A few weeks ago, I wrote about PS 110, an elementary school located just south of the Williamsburg Bridge…
…whose roof is lined with a number of really great stone owls (a parliament of owls, to use the correct phrasing!).
I notice . . .
→ Read More: A Closer Look at the PS 110 Owls
Next time you’re heading over the Williamsburg Bridge to Brooklyn, either driving or on the pedestrian walkway, be sure to check out the public school on the south side. PS 110 (the Florence Nightingale school) has one of my favorite school adornments in the city…
…a roof covered in owls!
. . .
→ Read More: The Owls of PS 110
I was waiting forever in heavy traffic on Norfolk Street to turn onto the Williamsburg Bridge when I noticed this sign. It seems pretty old (I’m sure that crossed circle was once red), and the more I thought about it, the more I decided that it has to be the most abstract official traffic sign in the city.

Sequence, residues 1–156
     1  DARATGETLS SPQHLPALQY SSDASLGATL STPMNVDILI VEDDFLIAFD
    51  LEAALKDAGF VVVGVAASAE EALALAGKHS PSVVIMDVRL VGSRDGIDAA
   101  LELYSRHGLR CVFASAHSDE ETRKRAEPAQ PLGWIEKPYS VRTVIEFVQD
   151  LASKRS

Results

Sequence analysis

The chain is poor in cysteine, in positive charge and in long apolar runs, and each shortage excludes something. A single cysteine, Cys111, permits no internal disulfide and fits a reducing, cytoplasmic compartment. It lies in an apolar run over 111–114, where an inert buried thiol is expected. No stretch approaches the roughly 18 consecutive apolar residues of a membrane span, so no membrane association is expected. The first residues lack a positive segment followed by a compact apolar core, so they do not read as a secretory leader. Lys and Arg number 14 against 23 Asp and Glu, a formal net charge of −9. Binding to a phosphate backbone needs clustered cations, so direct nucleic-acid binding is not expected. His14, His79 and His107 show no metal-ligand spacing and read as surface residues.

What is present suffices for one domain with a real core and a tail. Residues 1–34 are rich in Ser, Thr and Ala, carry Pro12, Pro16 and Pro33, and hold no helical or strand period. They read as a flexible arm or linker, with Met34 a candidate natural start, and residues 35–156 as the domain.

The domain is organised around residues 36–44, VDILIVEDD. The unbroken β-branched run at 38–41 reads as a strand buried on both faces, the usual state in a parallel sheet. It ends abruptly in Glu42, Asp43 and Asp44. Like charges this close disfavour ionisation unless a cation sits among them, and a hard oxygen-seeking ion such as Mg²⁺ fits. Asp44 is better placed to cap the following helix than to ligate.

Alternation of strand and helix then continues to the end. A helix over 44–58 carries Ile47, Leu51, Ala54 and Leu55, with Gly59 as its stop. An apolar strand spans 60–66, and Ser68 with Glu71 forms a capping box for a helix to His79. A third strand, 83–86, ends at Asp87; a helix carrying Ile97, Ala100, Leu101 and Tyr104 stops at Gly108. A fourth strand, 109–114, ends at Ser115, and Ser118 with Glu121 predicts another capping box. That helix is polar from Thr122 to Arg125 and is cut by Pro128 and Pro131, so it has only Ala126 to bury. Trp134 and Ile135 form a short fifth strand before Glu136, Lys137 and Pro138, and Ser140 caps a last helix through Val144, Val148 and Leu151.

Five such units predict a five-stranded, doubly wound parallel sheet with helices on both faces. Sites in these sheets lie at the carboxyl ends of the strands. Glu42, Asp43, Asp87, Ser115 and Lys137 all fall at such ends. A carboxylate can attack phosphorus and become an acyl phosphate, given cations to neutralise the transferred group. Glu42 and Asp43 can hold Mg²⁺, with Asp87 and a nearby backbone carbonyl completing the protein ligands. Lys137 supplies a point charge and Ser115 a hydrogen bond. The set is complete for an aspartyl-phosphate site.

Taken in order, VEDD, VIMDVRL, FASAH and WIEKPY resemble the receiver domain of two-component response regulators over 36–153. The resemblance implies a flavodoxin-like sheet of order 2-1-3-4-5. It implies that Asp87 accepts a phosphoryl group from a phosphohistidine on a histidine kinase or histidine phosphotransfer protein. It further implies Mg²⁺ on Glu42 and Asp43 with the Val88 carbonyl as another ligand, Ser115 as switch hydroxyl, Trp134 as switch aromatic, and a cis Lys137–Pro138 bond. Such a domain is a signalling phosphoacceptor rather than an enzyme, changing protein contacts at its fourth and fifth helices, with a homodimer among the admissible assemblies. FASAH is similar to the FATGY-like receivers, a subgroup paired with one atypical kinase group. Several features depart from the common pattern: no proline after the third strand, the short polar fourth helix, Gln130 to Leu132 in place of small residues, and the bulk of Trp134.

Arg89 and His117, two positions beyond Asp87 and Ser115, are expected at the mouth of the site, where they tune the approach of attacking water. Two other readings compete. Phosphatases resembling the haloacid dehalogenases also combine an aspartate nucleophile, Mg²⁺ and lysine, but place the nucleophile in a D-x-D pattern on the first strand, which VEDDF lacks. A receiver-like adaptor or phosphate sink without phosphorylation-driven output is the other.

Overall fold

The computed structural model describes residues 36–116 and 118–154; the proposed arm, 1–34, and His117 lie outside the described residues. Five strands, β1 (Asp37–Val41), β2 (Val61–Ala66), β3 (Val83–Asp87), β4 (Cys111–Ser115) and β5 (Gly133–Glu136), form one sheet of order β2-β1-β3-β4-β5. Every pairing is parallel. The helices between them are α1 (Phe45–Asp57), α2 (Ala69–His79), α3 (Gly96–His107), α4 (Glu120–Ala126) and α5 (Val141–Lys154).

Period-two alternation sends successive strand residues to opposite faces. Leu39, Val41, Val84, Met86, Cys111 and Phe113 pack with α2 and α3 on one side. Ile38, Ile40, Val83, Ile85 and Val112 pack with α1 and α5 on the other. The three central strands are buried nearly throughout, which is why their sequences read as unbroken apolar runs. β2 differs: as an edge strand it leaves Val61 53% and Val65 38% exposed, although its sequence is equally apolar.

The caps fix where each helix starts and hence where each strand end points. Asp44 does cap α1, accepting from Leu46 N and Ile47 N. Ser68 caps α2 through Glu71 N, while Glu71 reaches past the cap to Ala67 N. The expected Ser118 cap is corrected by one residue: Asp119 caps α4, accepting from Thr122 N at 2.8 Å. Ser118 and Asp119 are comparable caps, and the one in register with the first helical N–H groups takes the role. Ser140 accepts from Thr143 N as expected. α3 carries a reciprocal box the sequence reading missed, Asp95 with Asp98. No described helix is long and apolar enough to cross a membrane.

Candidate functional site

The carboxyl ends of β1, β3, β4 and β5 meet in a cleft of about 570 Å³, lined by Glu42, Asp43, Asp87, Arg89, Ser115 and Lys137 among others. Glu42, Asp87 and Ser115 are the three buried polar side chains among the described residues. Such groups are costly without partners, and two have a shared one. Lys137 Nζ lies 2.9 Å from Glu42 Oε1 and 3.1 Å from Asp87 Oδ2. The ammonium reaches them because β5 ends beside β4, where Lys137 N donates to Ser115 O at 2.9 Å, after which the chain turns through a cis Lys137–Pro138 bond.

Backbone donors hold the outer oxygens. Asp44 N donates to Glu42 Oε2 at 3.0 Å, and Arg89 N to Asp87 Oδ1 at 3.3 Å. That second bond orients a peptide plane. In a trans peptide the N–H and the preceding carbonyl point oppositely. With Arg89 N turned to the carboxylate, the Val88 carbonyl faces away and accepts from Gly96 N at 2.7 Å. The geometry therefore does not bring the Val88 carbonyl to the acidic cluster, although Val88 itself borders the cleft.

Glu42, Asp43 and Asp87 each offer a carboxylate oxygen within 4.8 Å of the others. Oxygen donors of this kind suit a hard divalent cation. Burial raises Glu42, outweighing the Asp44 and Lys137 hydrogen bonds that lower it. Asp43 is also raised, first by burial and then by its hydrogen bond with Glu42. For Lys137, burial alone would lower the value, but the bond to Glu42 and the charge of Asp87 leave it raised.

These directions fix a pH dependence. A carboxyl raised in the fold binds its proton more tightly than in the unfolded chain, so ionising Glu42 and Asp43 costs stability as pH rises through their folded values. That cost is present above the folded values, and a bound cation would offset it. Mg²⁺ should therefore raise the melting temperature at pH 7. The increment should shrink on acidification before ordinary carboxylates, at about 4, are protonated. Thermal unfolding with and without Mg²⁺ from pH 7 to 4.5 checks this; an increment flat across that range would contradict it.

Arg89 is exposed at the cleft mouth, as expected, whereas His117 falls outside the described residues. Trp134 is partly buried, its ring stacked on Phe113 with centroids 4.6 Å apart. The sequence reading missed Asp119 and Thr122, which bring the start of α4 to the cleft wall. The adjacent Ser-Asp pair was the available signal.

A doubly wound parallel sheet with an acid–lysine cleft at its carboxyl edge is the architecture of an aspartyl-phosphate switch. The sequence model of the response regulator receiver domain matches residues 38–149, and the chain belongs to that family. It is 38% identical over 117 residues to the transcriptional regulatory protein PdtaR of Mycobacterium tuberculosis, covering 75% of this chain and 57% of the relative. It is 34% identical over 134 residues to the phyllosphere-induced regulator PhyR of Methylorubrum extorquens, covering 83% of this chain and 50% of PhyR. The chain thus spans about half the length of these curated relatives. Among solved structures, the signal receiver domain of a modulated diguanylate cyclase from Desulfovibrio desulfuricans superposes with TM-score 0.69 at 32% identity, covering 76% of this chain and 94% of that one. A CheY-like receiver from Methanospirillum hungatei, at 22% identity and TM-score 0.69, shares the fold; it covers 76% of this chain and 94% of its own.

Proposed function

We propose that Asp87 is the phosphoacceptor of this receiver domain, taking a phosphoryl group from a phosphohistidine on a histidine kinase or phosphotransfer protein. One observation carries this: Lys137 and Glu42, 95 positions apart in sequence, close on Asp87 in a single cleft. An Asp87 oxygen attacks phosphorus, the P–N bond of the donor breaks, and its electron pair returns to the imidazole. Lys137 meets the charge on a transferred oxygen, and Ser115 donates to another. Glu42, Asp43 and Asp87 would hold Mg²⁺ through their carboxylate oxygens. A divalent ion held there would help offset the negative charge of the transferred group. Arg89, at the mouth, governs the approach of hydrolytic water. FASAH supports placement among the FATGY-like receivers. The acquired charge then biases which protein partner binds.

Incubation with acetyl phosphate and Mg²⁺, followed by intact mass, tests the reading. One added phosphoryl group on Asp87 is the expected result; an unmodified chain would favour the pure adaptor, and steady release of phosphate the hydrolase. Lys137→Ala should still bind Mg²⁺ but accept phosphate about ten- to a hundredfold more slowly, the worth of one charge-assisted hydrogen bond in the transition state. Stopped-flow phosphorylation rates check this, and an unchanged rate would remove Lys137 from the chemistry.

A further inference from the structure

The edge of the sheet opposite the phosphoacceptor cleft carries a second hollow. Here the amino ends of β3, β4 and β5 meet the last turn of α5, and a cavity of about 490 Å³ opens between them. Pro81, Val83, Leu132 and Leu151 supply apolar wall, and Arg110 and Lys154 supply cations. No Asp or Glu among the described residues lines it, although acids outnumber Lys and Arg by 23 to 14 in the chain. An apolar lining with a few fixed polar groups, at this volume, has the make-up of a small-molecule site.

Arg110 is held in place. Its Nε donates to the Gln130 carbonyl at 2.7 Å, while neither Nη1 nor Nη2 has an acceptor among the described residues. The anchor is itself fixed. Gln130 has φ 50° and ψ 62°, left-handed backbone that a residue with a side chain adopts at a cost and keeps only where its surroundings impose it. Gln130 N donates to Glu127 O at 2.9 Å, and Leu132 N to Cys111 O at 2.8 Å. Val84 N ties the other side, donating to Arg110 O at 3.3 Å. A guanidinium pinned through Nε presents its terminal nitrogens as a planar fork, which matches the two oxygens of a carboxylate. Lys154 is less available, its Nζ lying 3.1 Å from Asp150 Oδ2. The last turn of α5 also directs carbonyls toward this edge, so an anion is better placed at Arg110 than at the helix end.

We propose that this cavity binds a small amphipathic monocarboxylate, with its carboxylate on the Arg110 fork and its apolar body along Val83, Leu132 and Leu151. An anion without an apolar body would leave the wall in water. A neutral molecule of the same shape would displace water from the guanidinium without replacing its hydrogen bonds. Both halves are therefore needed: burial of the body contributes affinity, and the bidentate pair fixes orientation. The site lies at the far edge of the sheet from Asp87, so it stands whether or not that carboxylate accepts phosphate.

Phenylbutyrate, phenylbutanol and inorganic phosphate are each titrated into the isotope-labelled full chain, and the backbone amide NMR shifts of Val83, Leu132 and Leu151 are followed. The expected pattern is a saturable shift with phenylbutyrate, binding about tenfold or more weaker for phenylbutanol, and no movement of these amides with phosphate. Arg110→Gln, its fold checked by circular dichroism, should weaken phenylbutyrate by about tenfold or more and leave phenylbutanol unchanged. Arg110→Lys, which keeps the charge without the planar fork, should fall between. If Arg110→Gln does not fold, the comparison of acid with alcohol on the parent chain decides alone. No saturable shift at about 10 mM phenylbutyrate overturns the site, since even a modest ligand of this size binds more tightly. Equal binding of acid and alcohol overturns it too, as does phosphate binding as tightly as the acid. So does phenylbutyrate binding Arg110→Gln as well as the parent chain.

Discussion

. . .
→ Read More: Gridlock Busters
New York is overfilled with flashy, archetypal steel-and-glass diners that look like they were transported here directly from the 1950′s. Sadly, as the city has become more and more gentrified, most of them have become carbon copies of each other in terms of quality (shitty) and price (rip-off).
One of my favorite diner exteriors is as unflashy as they come: . . .
→ Read More: The Cup & Saucer Diner
There are certain places in NYC that people rave about as being “so unique” and “must see.” I’m trying to think of good examples, but the only one that’s coming to mind is Magnolia Bakery, bakers of cupcakes whose recipe consists entirely of ludicrous amounts of sugar, butter, and flour. Don’t get me wrong, they’re good, but are they really worth standing in . . .
→ Read More: Candy, Cobblers, and Revolvers